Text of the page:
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School board takes a look in mirror in evaluation process

January 8, 2013
By Jenny Kirk , Marshall Independent

MARSHALL - According to the self-evaluation results that were announced at the work session meeting Monday afternoon, the Marshall Public School Board appears to be operating well above average and members seem to be proud of the job they've done the past year in office.

Like they've done the past few years, board members completed the self-evaluation survey, rating their performance in six focus areas. The process this year, however, was much more extensive since additional school personnel included input about the board's abilities.

"This year, the survey included all the board members, bargaining units within the schools, including administration and staff, and city and county influences," Superintendent Klint Willert said. "It's a much broader perspective this year. Very few boards go through this process. It sets a model of expectations."

In his presentation, Willert said the premise for the board evaluation is to align to the district's core values, help determine strengths and opportunities for growth as a governing body, provide accountability and transparency in governance, focus on continuous improvement and effectiveness in governance and to align to the standards of governance prepared by the Minnesota School Board Association.

Using a 4-point rubric scale - with 4 exceeding expectations, 3 meeting criteria, 2 requiring improvement and 1 representing unsatisfactory - the board fared well, especially considering that 2.5 is the average score on the rubric scale. The six core areas included Vision (3.26), Structure (3.37), Accountability (3.25), Advocacy (3.01), Conduct and Ethics (3.23) and Attributes (3.17).

Willert reported the highest score was a 3.83, recorded in the area of Attributes. According to the comment alongside, the score was given for maintaining a "positive attitude that is cooperative and collaborative."

"I'm just the messenger, but this is a very good turnout," Willert said. "It's a sign of good leadership."

Newest board member Curt Kovash, who was participating in his first official meeting, asked Willert what he saw as priorities for the upcoming year. Willert said he felt that fostering and building relationships were near the top.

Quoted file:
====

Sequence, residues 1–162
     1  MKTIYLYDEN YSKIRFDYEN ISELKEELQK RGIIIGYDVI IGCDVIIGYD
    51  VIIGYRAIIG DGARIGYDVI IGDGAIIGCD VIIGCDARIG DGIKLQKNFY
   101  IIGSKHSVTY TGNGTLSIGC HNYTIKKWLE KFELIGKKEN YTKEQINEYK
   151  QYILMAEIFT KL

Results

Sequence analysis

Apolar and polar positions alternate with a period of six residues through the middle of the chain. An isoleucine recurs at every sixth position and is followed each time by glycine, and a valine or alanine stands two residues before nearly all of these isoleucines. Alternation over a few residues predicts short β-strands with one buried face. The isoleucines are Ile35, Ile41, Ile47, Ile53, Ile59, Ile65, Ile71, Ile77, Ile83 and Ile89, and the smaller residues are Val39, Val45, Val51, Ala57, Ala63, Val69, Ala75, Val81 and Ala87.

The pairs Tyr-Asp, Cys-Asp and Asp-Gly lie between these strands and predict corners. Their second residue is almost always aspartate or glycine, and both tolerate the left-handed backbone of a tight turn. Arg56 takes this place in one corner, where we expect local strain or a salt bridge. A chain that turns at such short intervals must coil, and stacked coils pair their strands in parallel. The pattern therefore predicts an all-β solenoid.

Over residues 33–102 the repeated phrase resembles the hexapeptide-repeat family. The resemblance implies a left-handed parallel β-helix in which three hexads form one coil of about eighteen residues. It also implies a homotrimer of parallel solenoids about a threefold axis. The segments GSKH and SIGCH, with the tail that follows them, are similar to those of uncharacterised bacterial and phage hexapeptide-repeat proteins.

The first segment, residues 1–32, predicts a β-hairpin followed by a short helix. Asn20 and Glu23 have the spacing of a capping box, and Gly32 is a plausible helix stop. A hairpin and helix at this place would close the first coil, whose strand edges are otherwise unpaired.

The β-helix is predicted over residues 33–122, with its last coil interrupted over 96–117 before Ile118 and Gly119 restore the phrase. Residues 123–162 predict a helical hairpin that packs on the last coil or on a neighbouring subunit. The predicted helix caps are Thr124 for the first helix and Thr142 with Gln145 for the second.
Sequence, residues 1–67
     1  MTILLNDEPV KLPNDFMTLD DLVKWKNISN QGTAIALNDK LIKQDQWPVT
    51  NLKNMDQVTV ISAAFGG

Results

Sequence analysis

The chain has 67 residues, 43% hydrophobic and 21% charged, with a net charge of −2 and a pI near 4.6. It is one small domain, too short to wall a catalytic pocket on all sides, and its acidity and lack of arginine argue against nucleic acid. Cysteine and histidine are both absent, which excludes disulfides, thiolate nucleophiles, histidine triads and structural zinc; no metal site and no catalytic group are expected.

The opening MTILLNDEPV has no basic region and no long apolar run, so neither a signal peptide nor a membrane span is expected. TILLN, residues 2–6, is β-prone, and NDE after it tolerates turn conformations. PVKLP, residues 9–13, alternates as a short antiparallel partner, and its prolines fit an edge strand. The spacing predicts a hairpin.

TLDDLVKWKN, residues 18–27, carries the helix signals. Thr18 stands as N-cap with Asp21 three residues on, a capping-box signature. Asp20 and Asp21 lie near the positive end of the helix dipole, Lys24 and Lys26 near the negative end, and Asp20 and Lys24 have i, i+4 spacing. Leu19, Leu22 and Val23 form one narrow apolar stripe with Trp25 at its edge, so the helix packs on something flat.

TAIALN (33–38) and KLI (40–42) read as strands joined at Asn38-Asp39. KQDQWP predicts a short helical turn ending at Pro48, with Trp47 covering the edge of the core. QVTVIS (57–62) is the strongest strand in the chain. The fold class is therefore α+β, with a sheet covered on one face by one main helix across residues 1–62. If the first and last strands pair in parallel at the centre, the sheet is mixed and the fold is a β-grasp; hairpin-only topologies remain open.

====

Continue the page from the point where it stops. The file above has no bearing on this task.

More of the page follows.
"I just don't think we should rest on our laurels," Willert said. "I think we should be open for new partnerships and collaborations if they present themselves."

A board reorganization takes place every January to coincide with the start of newly-elected board members, nominations and elections for the four board offices remained the same as the previous year. Jeff Chapman will serve as the board chairman, Matt Coleman as the board vice-chairman, Bill Mulso as the board treasurer and Karen VanKeulen as board clerk.

The board also heard from Marshall kindergarten teacher Erica Hess about the iPad pilot she's been conducting in her classroom this year. The technology-rich experience has had a number of positive outcomes, she said.

"Technology infuses our day," she said. "It's really exciting."

Hess shared current math data gathered on a web-based program they've used called Dreambox Learning. The data showed that nearly one-half of Hess' kindergarten students had completed their grade-level standards and were moving on to first-grade concepts in math.

"They play problem-solving math games on the iPads," Hess said. "Dreambox allows me to analyze each click a student makes for math. The program covers all but two standard in math."

One aspect that Hess finds encouraging is that students want to continue learning outside the school walls. While only a small portion of the day is spent using iPads, the experience is priceless, she said.

"They want to play it all day long," she said. "It feeds into the concept of 'learning anytime, anywhere.'"

 
 

 

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